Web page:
• 8. International Journal of Computer Networks & Communications (IJCNC) Vol.6, No.3, May 2014 36 There are three steps in this TDMA: up-link step into which nodes transmit data to the base station, down-link step where the base station transmits data to the nodes, and reservation step wherein nodes request new connections. The base station dictates a frame structure within its range. A frame made up a number of data and a traffic control. Nodes with steady traffic are indicated in a list, which enables nodes with no traffic to quickly reduce power. The traffic control is transmitted by the base station and contains information about the subsequent data, including when the next traffic control will be transmitted. Nodes explicitly request transmission from the base station, in a distributed manner, during the reservation phase. In our approach, the gateway performs the slot assignment based on its routing decisions. To further improve the energy efficiency, according to wireless mesh network, this paper design energy-aware TDMA routing protocols based MAC layer whose slot assignment is managed by the gateway. The gateway informs each node about slots in which it should listen to other nodes’ transmission and about the slots, which the node can use for its own transmission. The advantages of using a TDMA MAC layer are: • TDMA protocol builds clock synchronization to refresh the energy model and send rerouting decision from the gateway to the nodes. • The collision between the nodes can be avoided, because each node has its own assigned time slots. Additional problems can happen with the existence of communication errors: a packet that contains the slot assignment can be dropped. Whether a node that does not learn the decision of the gateway turns off itself and no collisions can happen. However, we prefer to make up another alternative that a node preserves its previous state, if it does not get a packet routing from the gateway in the predetermined time slot, leading in potential collisions. However, the probability of collision is limited for the reasons acquired in [15]. There are some inconvenient of a TDMA protocol against a random access protocol, such as IEEE 802.11 [16]. First, the scheduling must be made by predicting the arrival of future traffic, delaying packets until the scheduling can be done or asking traffic to track a predictable pattern. Also, TDMA requires synchronization to divide the time in slots over the entire network. 4.2 Integration issues and performance evaluation In this evaluation, we used the network simulator NS-2 to compare the AODV and AOMDV routing protocols using the design of TDMA MAC layer and a conventional MAC layer. The network contains 2 GW (Gateways), 6 MR (Mesh Routers) and 2 Mesh Clients (Mobile nodes) distributed in a 500m X 500m area as basic scenario. Traffic model used is CBR; the packet size is 512 bytes packet rate is 4 packets per second. In NS 2, two MAC layer protocols are implemented, which are 802.11 and TDMA. In this section we briefly discuss TDMA MAC protocol. In contrast contention based MAC protocol (802.11, for example), a TDMA MAC protocol allows different time slots for nodes to send and receive packets. The superset of these time slots is called a TDMA frame which contains preamble besides the data transmission slots as shown in Figure.3. Within the preamble, every node has a dedicated sub-slot and uses it to broadcast the destination node id of outgoing packet. Other nodes listen in the preamble and saved the time slots to receive packets. Each node has a data transmission slot to send packets [17].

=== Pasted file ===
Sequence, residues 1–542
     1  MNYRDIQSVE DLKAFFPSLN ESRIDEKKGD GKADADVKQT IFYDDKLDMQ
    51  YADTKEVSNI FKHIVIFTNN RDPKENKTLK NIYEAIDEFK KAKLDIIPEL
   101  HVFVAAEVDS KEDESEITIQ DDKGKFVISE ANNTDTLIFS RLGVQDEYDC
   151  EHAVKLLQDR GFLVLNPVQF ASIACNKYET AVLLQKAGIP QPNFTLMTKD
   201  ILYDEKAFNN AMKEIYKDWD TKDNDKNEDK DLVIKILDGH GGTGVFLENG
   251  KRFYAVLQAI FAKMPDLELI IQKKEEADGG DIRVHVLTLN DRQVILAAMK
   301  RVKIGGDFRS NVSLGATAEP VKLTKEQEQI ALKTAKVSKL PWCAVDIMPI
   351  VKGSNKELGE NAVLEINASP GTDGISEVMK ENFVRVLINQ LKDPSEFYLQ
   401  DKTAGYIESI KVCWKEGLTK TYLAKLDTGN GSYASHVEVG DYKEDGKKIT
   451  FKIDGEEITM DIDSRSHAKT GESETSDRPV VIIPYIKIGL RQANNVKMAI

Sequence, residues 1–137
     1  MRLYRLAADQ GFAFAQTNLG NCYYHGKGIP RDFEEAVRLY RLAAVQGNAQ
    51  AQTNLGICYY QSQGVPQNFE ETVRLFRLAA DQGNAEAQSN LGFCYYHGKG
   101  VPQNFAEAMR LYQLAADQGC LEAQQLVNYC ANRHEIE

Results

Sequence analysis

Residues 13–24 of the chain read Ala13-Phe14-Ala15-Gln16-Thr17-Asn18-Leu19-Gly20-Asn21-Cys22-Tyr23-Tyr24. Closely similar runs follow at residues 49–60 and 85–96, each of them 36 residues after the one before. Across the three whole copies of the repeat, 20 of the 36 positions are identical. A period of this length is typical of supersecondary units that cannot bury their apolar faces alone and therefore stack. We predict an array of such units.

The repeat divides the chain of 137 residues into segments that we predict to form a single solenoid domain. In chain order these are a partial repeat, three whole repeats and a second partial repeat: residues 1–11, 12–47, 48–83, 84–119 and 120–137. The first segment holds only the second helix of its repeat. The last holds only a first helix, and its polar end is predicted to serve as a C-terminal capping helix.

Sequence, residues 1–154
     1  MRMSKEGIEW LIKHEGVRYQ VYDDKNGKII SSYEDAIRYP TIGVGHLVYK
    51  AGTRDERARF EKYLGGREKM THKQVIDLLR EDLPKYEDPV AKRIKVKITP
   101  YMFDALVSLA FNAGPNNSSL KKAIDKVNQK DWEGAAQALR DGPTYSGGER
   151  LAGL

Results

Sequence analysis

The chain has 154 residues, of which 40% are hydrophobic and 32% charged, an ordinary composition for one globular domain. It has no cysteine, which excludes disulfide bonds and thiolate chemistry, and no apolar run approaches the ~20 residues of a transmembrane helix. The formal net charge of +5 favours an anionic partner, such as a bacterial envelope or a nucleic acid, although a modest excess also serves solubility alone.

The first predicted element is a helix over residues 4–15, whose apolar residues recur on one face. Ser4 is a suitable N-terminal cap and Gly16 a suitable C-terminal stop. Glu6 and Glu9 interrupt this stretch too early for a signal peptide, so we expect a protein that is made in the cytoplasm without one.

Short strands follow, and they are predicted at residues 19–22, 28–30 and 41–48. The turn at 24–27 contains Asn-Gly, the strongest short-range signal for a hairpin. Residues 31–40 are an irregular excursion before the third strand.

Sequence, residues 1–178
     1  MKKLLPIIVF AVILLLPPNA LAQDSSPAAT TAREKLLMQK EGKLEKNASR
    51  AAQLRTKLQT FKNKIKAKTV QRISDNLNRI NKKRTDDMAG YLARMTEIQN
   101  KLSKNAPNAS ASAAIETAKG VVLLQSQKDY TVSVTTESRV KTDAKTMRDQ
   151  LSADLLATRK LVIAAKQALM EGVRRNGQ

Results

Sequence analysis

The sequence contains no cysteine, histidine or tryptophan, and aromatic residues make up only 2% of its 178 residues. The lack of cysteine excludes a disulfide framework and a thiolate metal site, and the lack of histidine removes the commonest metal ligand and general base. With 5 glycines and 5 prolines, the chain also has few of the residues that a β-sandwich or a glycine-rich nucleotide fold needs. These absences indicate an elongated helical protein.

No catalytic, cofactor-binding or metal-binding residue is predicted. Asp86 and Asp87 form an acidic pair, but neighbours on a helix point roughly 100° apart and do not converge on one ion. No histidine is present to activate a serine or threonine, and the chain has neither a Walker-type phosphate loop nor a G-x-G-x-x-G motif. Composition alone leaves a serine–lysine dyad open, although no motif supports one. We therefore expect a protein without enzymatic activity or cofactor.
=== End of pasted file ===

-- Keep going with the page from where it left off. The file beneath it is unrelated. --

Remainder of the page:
• 9. International Journal of Computer Networks & Communications (IJCNC) Vol.6, No.3, May 2014 37 Figure 3. An example of TDMA frame structure To prevent unnecessary power consumption, each node turns its radio on and off explicitly by invoking node API set_node_sleep(). The radio may be on when: in the preamble phase (takes one slot time) and there is a packet to send and receive. The preamble is implemented as a central data structure TDMA_preamble, that is accessible to all the nodes. At the start of a frame, each node writes the destination node id into its sub-slot in preamble if it has a packet to send. After the preamble phase, each node sends packet in its data transmission slot and checks the preamble to identify if there is a packet to receive in other slots. Figure 4, depicts a comparison between the routing protocols based 802.11 MAC protocols (called AODV, AOMDV) and energy-aware routing protocols TDMA based MAC protocol so called TDMA-AODV and TDMA-AOMDV function of time simulation. We can say that the TDMA-AODV approach provides more interesting results in residual energy ration which consume less energy than the AODV based 802.11 MAC. TDMA based protocols are more energy efficient, and the energy consumed is proportional to the duration of the transmission cycle whereas the latency is proportional to the size of the network. The TDMA-AODV seems to be a more promising solution, which has the natural advantages of having no contention introduced overhead and collisions. Furthermore, TDMA can guarantee a deterministic delay bound.